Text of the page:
Glaucoma Surgery

The cornea is the clear surface of the front of the eye and whose transparency is essential for good vision. Glaucoma surgery to reduce eye pressure is sometimes the only remaining option for some patients. However, glaucoma surgery carries a small risk of damaging the cells of the inner surface or the cornea, containing endothelial cells that are essential for maintaining corneal transparency. In extreme cases, damage to the endothelial cells requires a corneal transplant to restore normal vision. Hence, preservation of endothelial cell function continues to be a major goal of eye surgery.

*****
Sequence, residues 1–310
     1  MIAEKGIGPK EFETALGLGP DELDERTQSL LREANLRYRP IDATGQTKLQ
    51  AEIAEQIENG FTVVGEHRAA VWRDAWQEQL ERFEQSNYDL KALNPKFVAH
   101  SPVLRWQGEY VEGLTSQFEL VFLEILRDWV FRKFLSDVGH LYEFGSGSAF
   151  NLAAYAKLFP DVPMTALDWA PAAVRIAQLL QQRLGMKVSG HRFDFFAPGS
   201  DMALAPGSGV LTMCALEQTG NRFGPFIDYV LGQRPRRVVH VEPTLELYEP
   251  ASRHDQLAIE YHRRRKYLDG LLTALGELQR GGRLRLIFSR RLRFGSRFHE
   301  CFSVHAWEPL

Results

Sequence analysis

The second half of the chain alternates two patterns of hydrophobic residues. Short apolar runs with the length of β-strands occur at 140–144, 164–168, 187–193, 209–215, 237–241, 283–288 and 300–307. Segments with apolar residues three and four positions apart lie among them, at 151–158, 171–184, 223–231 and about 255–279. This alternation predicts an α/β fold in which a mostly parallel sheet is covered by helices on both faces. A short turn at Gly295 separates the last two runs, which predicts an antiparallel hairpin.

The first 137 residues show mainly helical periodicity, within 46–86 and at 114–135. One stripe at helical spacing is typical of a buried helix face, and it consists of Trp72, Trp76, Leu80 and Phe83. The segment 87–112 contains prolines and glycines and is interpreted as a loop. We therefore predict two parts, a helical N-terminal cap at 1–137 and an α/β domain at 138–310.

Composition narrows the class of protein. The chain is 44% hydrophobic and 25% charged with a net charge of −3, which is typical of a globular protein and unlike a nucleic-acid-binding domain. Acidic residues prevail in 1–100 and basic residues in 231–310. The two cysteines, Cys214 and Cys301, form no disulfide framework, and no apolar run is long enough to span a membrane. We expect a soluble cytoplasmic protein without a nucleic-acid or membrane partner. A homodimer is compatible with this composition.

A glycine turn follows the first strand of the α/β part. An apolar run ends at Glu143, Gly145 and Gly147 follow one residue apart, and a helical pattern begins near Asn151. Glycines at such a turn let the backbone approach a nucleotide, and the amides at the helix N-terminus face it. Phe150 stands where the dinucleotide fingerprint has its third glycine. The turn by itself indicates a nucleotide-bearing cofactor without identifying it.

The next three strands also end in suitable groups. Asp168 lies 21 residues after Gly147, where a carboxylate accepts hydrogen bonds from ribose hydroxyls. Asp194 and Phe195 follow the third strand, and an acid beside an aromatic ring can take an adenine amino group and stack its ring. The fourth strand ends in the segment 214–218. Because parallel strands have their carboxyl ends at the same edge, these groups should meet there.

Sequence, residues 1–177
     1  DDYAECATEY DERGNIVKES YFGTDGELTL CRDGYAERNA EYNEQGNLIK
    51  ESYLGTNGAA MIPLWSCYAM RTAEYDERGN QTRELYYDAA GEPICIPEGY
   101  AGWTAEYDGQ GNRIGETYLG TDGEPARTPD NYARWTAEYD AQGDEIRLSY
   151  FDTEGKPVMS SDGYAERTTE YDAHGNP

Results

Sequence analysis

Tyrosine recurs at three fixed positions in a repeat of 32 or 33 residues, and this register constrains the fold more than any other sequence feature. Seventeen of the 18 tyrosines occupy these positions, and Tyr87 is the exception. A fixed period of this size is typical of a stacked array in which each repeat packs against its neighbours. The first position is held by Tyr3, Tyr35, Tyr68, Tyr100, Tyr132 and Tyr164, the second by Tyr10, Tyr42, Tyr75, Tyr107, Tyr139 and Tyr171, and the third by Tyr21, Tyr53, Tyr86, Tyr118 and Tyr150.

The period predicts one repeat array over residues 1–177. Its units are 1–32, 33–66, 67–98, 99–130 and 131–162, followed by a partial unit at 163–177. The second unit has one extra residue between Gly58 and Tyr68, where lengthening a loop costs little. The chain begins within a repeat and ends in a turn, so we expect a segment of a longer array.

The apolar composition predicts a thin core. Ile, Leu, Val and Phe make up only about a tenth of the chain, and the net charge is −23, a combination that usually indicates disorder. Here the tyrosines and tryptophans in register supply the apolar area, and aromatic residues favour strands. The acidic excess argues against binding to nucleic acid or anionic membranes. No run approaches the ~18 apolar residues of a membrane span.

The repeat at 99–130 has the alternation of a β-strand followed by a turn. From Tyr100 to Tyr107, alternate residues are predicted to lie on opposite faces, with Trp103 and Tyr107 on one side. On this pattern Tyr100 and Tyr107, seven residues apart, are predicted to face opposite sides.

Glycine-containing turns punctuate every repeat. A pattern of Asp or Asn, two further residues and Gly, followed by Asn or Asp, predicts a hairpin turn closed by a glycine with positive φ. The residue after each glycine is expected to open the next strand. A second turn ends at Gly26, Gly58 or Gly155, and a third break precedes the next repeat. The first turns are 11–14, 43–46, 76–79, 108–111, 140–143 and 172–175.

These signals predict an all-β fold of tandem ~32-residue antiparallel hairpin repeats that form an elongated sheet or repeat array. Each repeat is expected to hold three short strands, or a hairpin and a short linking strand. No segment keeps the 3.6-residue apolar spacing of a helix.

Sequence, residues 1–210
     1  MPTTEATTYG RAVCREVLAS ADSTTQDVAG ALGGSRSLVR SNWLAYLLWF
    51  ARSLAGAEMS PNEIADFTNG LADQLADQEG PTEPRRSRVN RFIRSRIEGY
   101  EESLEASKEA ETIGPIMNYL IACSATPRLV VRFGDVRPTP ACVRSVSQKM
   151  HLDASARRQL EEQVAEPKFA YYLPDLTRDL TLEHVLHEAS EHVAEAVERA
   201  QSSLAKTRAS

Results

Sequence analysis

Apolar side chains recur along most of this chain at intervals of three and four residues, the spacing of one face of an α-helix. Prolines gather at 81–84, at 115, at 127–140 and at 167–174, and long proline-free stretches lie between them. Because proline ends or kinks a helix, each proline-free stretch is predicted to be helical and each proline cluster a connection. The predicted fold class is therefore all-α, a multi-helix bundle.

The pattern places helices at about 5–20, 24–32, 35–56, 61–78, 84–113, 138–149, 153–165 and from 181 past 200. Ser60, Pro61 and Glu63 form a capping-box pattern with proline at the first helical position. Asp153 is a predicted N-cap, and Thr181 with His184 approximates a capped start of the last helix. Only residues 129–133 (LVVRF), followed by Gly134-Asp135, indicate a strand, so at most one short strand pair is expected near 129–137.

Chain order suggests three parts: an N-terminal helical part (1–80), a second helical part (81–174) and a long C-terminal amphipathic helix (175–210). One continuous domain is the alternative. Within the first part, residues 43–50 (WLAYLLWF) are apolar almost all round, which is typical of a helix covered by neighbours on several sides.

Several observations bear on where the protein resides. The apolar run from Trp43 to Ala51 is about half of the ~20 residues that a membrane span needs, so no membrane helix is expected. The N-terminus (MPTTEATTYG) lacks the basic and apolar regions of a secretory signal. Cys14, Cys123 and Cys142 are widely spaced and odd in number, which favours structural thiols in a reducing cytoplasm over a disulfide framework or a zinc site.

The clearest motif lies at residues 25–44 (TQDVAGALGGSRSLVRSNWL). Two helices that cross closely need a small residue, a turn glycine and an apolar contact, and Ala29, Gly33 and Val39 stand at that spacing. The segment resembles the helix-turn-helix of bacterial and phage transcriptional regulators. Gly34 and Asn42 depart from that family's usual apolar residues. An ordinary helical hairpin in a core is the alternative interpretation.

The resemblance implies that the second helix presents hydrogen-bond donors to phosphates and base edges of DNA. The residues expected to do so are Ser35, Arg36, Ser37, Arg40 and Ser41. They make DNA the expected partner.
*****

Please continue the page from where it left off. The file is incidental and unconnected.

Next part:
In this research, the quantity and anatomy of corneal endothelial cells will be determined for the various different surgical procedures used in glaucoma. Our goal is to determine which procedure is the least harmful to corneal cell health and identify risk factors that lead to greater cell loss after surgery.

Images of a trabeculectomy and shunt. Two surgical methods of reducing elevated IOP